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Quindlen commands space in her writing. The pace is not so much slow as it is quiet. She takes a very simple setup, very few characters, and gives them space to dwell. Describing the rooms, taking time for back-story, letting there be silence. It's easy to slam on to the next plot point, but Quindlen is in no rush.
This is a thoughtful, provocative book that weaves in and out of itself slowly, like a Celtic knot, and flips perspectives. (Now the man is the caregiver, the female the potential "overseer" who might blow the whistle. The baby isn't automatically wanted, cute, or adored.) The book is (delightfully) void of easy comedy or Hollywood happy endings.
Quindlen's goal is to make us like unlikeable people. The crabby matriarch, the quasi-criminal caregiver, even the mottled baby, are all painted in realistic, not-always-flattering colors. Yet we feel for them. They're trying.
This lends the book an air of authenticity and journalistic integrity, as though the author was a first-hand witness, telling us what actually happened. Despite revealing her characters, warts and all, she achieves her goal of audience empathy, by carefully giving us the rich back-stories of the characters in teaspoons along the way.
The secret of Lydia's life is a scandal. Without giving too many of the details away, suffice it to say Blessings was the perfect retreat for a young girl in trouble. Her mother sent her there and then deeded the house to her, shackling Lydia's fate to the white elephant of a house and ending her life in New York permanently. Her time now is spent drifting around the crumbling empire, Lady Haversham style, recounting the days of old. These stories of love lost and hand-forced give us compassion for the otherwise bitter woman, and help us debunk the complex fortress around her psyche.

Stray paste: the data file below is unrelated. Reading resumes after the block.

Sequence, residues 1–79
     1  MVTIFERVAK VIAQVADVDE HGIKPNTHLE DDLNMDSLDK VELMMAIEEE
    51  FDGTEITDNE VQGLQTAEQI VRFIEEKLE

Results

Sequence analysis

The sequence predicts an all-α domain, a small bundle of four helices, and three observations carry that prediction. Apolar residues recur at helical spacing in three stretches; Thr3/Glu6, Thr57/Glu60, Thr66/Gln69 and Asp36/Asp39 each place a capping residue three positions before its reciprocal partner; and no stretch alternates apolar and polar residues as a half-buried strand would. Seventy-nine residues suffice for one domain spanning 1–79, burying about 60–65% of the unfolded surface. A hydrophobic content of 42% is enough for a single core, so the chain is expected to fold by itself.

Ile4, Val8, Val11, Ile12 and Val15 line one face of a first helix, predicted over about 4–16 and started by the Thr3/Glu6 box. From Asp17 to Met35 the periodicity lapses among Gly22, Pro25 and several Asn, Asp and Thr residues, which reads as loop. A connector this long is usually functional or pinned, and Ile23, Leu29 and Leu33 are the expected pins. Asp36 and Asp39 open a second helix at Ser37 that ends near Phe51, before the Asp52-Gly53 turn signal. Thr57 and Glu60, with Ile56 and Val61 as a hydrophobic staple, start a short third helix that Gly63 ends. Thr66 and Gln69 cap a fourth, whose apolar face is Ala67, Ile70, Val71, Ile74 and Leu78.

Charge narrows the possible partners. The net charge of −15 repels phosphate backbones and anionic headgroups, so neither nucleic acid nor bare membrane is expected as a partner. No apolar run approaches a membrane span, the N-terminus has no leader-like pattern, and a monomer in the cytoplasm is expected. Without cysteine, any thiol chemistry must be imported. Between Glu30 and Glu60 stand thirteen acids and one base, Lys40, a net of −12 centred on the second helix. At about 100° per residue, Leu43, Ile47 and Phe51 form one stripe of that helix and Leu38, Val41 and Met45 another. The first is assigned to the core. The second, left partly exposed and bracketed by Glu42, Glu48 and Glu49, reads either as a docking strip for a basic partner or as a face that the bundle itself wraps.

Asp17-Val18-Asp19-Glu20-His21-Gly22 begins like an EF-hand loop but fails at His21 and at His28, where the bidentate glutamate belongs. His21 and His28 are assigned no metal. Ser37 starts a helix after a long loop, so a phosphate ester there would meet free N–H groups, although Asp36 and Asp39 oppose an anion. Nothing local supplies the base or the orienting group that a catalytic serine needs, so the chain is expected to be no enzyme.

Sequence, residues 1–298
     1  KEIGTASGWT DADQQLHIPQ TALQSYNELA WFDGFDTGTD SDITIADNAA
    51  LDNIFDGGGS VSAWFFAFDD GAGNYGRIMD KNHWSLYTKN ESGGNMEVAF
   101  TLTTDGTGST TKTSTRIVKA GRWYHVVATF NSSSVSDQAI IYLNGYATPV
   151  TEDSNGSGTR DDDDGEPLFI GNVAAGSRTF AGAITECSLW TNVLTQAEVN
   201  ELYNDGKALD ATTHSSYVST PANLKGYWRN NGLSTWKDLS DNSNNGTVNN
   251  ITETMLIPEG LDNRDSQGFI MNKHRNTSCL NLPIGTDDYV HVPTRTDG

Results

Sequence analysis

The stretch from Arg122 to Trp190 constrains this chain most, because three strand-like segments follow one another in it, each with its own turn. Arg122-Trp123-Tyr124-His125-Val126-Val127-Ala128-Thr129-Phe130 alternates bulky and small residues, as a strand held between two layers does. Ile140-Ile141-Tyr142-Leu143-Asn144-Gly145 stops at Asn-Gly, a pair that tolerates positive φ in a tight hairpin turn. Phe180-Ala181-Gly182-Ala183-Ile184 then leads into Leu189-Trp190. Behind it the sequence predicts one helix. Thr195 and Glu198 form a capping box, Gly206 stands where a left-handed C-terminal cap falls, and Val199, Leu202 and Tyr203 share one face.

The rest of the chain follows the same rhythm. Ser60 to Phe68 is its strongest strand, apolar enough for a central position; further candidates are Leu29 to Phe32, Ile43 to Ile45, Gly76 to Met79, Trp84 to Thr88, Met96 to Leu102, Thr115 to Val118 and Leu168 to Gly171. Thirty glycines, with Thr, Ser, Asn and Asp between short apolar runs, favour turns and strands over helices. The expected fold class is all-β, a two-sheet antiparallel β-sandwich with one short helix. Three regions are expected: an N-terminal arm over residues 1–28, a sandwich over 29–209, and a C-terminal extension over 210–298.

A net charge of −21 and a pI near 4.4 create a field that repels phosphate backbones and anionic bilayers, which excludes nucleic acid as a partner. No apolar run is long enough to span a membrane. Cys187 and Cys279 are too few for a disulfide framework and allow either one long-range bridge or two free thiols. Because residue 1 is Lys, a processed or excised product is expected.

Skip Cuddy, the caretaker (and caregiver) is too busy changing diapers to linger in the past, but we do discover that, despite his difficult childhood, he has arrived in adulthood with a good heart. Though he has no experience or proclivity with babies—he starts the newborn on skim milk because "it seemed healthiest"—he makes a compassionate and worthy father. Even his robbery conviction turns out to have been an unfortunate impulse to take the rap for his best friend. So even as Quindlen paints an accurate portrait of her characters, she allows us to love them, a bit at a time.